Carl Rosenkilde, - Westchester Health
Electromyography (EMG)
Electromyography (EMG) is a diagnostic procedure to assess the health of muscles and the nerve cells that control them (motor neurons).  Motor neurons transmit electrical signals that cause muscles to contract. An EMG translates these signals into graphs, sounds or numerical values that a specialist interprets.
A number of illnesses primarily involve the peripheral portions of the nervous system and/or the muscles. These neuromuscular processes affect various anatomic structures including the cells in the spinal cord from which the nerve roots are derived. Furthermore, the plexus of nerves in the axilla and pelvis, or the individual nerves in arm or leg, controlling the muscles or sensation in the extremities, may be damaged. Lastly, certain disease processes primarily affect either the neuromuscular junction between the nerves and muscles, or the muscles themselves.
EMG is indicated for the evaluation of specific neuromuscular processes including the spinal muscular atrophies such as Werdnig-Hoffmann disease, plexopathies as exemplified by Erb's palsy, congenital or acquired neuropathies including the Guillain-Barre syndrome, or defects in neuromuscular transmission such as myasthenia gravis. Among various myopathies are acquired diseases of the muscles including polymyositis or those of genetic origin, including  muscular dystrophies. 
Unlike x-rays, CT scanning or MRI’s that illustrate the anatomy or structure, this test shows the functional ability (or disability) of the nerve, muscle or spinal root. EMG gives information that cannot be obtained with a picture or a blood test. The abbreviation EMG stands for Electro (electric), Myo (muscle), Graphy (writing). The test could be considered a close relative of EKG, the electrocardiogram.
This is not a test for sprain syndromes, bone pathology, arthritis, or pain in general. An EMG can be entirely normal in spite of severe pain. It is a diagnostic test to determine the underlying cause of a presumed neurological problem. However, it does not address illnesses of the central nervous system; thus, it is not a test of the brain, and it does not evaluate presence of stroke or multiple sclerosis. The test has no therapeutic benefits and will not by itself lead to any improvements. It is in no way related to acupuncture.
What Is An EMG?
An EMG is actually a two-part test consisting of nerve conduction studies (NCS) and electromyography (EMG).
Initially, the neurologist performs the nerve conduction studies by stimulating the various nerves along their course. Recordings are made from the muscles for motor nerves, or over the nerve itself when testing sensory function. Patients will experience a sensation similar to a mild static charge; perhaps like that from a wool rug in the winter months. The actual speed of nerve conduction can be calculated.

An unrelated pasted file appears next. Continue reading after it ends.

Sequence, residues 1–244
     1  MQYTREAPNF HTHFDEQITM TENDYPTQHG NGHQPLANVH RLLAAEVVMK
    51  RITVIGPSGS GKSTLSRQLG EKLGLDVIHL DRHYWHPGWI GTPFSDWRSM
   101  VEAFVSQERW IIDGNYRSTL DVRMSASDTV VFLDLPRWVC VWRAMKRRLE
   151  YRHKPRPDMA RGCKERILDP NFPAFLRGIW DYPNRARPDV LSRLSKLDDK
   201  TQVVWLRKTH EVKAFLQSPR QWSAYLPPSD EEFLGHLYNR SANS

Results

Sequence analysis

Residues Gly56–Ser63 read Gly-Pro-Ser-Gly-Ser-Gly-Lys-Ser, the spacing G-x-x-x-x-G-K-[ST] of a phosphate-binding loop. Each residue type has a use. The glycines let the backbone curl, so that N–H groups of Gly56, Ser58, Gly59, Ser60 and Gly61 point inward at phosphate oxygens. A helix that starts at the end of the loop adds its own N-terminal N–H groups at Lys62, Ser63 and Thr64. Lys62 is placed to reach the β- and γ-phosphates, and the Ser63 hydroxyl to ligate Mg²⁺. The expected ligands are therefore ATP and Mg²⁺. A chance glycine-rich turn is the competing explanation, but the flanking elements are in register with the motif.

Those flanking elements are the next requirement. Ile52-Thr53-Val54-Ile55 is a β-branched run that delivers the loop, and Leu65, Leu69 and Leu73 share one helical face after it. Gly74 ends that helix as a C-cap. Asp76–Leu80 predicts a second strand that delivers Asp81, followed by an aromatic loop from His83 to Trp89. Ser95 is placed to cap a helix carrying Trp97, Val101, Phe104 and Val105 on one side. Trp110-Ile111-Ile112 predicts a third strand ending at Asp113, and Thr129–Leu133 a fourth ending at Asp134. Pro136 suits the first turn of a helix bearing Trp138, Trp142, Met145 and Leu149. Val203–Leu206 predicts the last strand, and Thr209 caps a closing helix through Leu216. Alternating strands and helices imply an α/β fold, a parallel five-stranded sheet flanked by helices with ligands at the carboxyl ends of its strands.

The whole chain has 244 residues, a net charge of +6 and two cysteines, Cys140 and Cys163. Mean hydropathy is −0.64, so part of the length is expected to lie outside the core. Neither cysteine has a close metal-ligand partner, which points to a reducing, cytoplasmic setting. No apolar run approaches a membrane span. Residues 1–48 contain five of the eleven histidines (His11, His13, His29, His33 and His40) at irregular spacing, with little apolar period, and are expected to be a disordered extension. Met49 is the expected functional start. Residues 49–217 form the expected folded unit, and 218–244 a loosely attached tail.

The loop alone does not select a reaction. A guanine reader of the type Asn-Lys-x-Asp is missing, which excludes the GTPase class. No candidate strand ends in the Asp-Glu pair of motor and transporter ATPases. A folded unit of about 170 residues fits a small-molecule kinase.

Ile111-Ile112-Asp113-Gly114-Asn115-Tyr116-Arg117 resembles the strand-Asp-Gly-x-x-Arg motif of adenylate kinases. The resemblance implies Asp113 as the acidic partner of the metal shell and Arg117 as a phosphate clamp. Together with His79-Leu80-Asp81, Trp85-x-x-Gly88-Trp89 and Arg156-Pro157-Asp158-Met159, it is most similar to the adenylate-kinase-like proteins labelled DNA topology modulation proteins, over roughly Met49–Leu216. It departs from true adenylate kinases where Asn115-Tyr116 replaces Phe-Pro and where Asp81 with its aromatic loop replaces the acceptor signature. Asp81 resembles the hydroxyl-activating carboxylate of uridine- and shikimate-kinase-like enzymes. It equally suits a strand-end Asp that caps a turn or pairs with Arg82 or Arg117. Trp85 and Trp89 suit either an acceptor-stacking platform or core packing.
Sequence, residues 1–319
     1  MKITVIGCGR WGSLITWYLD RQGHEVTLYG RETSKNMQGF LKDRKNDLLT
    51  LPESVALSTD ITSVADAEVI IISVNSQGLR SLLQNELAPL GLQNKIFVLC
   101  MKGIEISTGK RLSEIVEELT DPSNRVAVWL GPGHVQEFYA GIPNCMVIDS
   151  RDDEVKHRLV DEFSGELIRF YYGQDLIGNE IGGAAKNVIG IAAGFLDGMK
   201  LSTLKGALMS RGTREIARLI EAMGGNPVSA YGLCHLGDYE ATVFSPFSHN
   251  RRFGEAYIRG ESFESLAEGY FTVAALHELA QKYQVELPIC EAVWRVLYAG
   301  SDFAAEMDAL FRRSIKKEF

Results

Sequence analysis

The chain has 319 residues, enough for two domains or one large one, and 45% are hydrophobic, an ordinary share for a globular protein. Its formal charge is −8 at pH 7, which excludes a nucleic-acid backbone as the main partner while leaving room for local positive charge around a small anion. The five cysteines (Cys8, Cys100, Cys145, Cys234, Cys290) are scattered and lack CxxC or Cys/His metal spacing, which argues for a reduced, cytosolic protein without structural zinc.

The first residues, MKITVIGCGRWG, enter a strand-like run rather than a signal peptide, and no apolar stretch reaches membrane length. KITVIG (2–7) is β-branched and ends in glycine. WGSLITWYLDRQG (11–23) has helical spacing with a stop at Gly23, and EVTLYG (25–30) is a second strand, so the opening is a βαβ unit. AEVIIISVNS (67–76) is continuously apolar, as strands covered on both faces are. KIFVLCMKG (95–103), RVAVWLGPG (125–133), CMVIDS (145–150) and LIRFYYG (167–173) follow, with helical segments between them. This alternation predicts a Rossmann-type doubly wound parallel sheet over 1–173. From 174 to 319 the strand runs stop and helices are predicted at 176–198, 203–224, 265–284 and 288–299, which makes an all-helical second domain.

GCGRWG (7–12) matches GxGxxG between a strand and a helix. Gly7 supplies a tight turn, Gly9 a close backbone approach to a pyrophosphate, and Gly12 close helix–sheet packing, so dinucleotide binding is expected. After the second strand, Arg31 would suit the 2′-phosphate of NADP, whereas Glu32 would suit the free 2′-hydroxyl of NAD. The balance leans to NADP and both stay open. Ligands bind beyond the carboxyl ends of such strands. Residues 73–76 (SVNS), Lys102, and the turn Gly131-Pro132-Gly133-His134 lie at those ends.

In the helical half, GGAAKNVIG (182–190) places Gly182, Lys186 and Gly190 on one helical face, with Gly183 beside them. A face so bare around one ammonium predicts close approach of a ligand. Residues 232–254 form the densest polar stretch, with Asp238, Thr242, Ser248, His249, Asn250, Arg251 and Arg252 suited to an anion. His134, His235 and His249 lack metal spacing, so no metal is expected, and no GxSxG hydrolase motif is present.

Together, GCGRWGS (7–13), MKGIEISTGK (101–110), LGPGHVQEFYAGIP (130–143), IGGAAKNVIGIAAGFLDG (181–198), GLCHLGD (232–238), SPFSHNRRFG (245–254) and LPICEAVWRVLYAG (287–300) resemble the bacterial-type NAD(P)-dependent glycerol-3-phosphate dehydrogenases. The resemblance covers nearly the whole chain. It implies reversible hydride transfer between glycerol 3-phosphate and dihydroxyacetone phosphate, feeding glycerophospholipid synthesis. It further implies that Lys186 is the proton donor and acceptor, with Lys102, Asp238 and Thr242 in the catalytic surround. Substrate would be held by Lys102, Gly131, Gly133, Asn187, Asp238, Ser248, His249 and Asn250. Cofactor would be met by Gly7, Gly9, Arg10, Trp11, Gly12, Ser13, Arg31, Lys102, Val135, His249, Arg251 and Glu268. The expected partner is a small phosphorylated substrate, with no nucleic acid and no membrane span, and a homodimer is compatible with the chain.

Subsequently, in the electromyography part, the physician inserts a tiny electrode into the muscles. The electrode acts like a microphone allowing us to listen to the muscle's electrical activity. We also observe the responses on a screen similar to a personal computer. At the onset, the patient experiences a tiny pinch. The electrodes are slightly larger in size to those utilized for acupuncture. The physician listens to the responses and observes the screen.
Why Would I Be Referred for an EMG?
  • Tingling & Numbness
  • Entrapment Neuropathies
  • Nerve Injuries
  • Carpal Tunnel Syndrome
  • Disc prolapse, herniation, or degeneration
  • Cranial Nerves e.g. Facial Palsy
  • Radiculopathy
  • Myopathies
  • Local Weakness
  • Radiating Pains
  • Fasciculation, or muscle twitches 
During an electrodiagnostic testing, electrodes are placed over nerves, and electrical stimulation is used to measure nerve conduction speed and delays.  Later, a needle electrode is inserted into certain muscles to measure electrical activity and wave formation. EMG Tests are extremely useful in localizing pinched cervical and lumbosacral nerve roots.
Is there any special preparation for my EMG?
Take a shower with soap the morning of the test. 
Please do not use any oils, lotions, or perfumes, as this can affect the procedure. Leave necklaces and bracelets at home. Have a normal meal and take medications as usual. The test does not leave you impaired: you can drive and work afterwards.
Be sure to tell the physician if you are taking coumadin (Warfarin), Lovenox, daily aspirin, or other blood thinners, or if you have a bleeding or clotting disorder. Please, report any current infections, lympedema, or history of lymph nodes surgery (most often with mastectomy for breast cancer). Presence of pacemaker or heart irregularities is NOT a problem.
How long does the standard EMG test take?